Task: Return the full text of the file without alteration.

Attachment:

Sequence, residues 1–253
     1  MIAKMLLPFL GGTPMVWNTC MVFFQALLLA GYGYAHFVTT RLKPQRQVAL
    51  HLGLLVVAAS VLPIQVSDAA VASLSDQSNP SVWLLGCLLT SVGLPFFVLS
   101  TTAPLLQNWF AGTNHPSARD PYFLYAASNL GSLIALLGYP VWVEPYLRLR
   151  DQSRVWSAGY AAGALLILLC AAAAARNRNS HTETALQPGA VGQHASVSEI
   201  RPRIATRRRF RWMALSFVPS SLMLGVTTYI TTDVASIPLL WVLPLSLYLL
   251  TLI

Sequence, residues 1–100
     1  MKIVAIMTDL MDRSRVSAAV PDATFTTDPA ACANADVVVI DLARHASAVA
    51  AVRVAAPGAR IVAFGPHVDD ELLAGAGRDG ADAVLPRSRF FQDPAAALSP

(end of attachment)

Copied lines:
Sequence, residues 1–253
     1  MIAKMLLPFL GGTPMVWNTC MVFFQALLLA GYGYAHFVTT RLKPQRQVAL
    51  HLGLLVVAAS VLPIQVSDAA VASLSDQSNP SVWLLGCLLT SVGLPFFVLS
   101  TTAPLLQNWF AGTNHPSARD PYFLYAASNL GSLIALLGYP VWVEPYLRLR
   151  DQSRVWSAGY AAGALLILLC AAAAARNRNS HTETALQPGA VGQHASVSEI
   201  RPRIATRRRF RWMALSFVPS SLMLGVTTYI TTDVASIPLL WVLPLSLYLL
   251  TLI

Sequence, residues 1–100
     1  MKIVAIMTDL MDRSRVSAAV PDATFTTDPA ACANADVVVI DLARHASAVA
    51  AVRVAAPGAR IVAFGPHVDD ELLAGAGRDG ADAVLPRSRF FQDPAAALSP